After Songjeong-dong, we headed to Noeul Park at Nanjido. It was literally a waste tour. However, Noeul Park at dusk was perfectly beautiful. I could hardly recognize that it was a man-made mountain of waste beneath my feet. If it was a map that erased Songjeong-dong, it was the beauty that erased Nanjido. Before walking up Noeul Park, Jung handed me a huge, bumpy wire mesh at the studio and asked what I saw in it. Since only the artist would know what it was modeled after, I gave an answer without much enthusiasm. Actually, I was thinking that its unevenness looked peculiarly interesting, instead of ‘what it was’ in particular. Climbing Noeul Park we saw a number of public sculptures and Jung pointed one out saying his wire mesh was modeled after it. For the last few years Jihyun Jung has been searching for sculptures in strange spots in the city, for example the statue of Jeon Bong Jun, sitting awkwardly in front of Youngpoong Bookstore by the main street in Jongno. Jihyun Jung made sculptures that modeled a part or the entire structure of these. Jung was capturing the surface of the sculpture, but, to me, it appeared to be presenting the mystery of how some objects end up where they are. It already had a certain form, which configured the totality in between the place and object and restored the privileged thing involved by the sculpture. To me, the practice seemed to be eliminating the names of the thing that should not have names or restoring them to the state of a non-place. However, this is my interpretive view, not his. He engages with a thing by treating it sensitively and delicately, rather than discussing its politics. Jihyun Jung has been infatuated with climbing and seemed to be very skilled at shifting his position and moving around depending on the hold’s shape and where it was spiked on. Climbing is a sport that finds a way out.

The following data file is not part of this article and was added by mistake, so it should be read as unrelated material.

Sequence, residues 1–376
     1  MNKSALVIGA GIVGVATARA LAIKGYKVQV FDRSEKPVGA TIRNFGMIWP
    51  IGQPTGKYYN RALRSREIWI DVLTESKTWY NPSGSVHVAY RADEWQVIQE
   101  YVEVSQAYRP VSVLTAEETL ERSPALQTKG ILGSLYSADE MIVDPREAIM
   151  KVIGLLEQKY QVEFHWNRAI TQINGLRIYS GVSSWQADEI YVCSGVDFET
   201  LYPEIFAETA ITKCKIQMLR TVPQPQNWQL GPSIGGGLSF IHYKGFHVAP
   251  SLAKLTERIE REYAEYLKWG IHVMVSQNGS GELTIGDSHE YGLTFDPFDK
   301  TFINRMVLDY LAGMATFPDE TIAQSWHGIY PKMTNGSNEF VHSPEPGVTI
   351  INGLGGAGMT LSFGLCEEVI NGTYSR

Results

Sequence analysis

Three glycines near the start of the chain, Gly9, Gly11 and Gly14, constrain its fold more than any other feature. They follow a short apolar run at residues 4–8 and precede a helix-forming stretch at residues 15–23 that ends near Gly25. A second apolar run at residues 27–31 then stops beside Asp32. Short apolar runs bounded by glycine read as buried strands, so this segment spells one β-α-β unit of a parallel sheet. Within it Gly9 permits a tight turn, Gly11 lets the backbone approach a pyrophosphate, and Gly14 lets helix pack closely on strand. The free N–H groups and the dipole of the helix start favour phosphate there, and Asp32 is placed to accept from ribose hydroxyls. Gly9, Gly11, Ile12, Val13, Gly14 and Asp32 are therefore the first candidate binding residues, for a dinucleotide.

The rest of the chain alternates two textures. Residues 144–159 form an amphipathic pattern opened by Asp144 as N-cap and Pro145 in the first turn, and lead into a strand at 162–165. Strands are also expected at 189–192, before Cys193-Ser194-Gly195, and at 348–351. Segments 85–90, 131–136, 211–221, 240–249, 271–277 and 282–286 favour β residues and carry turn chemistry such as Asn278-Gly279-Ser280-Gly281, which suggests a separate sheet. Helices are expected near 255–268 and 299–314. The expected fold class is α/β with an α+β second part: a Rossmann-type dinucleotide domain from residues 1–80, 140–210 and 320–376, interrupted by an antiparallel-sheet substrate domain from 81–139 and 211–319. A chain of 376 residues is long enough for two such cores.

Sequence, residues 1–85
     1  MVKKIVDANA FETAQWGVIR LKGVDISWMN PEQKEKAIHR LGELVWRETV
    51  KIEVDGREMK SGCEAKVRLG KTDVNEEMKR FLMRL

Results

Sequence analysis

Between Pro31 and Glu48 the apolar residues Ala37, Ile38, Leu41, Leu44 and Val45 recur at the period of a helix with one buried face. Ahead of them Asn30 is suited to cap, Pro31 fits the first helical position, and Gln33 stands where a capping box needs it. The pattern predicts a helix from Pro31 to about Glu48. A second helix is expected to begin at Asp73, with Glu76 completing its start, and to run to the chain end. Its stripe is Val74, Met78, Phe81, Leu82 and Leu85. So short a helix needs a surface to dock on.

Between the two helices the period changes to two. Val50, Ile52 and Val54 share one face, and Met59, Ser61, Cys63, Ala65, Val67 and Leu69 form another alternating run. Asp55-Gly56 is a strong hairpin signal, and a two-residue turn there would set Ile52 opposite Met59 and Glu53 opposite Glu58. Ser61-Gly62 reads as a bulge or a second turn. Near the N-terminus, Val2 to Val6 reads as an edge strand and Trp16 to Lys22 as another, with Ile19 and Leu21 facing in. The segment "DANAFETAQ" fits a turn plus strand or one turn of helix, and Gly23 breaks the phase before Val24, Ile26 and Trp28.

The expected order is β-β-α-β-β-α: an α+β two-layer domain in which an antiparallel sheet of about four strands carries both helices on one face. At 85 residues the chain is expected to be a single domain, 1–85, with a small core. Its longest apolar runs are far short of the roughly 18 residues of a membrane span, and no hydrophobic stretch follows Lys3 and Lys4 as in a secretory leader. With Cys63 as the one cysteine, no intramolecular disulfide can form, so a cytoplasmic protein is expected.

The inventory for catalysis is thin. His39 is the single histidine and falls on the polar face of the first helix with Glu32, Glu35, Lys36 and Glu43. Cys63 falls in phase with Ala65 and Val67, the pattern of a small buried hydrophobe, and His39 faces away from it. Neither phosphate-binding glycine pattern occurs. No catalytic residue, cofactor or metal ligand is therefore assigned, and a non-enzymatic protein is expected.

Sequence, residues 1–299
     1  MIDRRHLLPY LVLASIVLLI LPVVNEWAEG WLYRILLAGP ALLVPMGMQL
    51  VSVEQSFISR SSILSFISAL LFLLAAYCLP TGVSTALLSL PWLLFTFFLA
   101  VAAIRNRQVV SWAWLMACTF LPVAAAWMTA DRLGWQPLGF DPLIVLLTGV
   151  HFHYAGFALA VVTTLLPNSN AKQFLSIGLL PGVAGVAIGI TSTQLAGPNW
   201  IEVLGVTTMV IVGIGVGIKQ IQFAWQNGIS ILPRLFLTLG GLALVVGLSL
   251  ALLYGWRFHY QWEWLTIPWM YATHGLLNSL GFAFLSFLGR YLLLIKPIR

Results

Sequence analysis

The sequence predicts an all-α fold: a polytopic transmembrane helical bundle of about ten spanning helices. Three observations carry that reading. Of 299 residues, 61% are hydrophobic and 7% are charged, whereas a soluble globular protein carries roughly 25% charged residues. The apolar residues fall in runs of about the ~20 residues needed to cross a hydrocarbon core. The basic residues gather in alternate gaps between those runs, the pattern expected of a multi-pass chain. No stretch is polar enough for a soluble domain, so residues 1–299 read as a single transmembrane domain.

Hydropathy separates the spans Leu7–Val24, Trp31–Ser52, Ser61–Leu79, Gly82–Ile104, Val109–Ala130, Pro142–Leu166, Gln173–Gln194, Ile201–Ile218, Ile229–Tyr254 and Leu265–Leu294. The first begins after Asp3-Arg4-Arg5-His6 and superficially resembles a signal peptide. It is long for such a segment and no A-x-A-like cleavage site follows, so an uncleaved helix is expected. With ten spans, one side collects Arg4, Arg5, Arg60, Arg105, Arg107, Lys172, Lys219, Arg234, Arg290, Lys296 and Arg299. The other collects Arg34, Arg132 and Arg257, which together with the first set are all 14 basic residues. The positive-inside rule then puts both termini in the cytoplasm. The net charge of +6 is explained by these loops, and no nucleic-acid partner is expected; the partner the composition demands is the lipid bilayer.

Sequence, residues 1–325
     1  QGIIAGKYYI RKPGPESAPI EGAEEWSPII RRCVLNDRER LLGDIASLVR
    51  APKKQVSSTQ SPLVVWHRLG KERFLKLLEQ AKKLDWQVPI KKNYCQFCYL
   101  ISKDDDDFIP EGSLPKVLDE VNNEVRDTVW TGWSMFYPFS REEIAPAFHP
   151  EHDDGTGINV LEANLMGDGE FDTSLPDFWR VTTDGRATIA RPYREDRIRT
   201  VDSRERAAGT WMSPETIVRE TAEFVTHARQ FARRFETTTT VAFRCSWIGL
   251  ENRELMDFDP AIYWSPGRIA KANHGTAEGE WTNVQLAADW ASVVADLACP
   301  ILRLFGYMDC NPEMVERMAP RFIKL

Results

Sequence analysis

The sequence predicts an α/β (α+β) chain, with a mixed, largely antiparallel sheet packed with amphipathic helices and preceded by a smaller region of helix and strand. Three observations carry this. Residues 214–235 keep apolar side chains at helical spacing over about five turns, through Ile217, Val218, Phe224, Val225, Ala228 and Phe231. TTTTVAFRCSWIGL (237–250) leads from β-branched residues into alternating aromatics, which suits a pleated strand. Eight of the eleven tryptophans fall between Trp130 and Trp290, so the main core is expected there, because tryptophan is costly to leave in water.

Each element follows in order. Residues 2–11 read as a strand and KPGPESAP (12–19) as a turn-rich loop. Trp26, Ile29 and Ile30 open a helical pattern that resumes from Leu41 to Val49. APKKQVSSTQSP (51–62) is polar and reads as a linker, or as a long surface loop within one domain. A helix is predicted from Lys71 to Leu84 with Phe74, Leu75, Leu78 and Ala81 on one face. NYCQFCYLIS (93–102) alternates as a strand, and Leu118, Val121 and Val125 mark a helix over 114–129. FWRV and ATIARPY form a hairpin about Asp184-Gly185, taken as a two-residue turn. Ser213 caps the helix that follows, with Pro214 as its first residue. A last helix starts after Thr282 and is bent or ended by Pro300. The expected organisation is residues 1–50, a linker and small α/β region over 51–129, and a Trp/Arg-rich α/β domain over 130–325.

Few days ago he sent me a 3D modeling image of land. Supposedly it was a landform somewhere in North Korea that was reported by the media. When I visited his studio later he had a sample of the landform made with a 3D printer. It did quite look like a piece of land made after a painting. That was about the peak of our discussion regarding the relation of unapproachable land and sculpture. Unapproachable land sounds ambiguous, and no new technology seems to be able to bring it right away into an image or matter. If unapproachable land signifies a fiction that has been expelled from a map, it should be only grasped through the impossibility of image and matter. Jihyun Jung walks on the border where all objects are washed away and lose their names, seeking reasonable objects that witness or facilitate forms of speculation of such fictions. That is where his sculpture begins. Bumpy and uneven in a square shape, the plastic panel standing in for a plot of land was laid out randomly with other living items on a chair.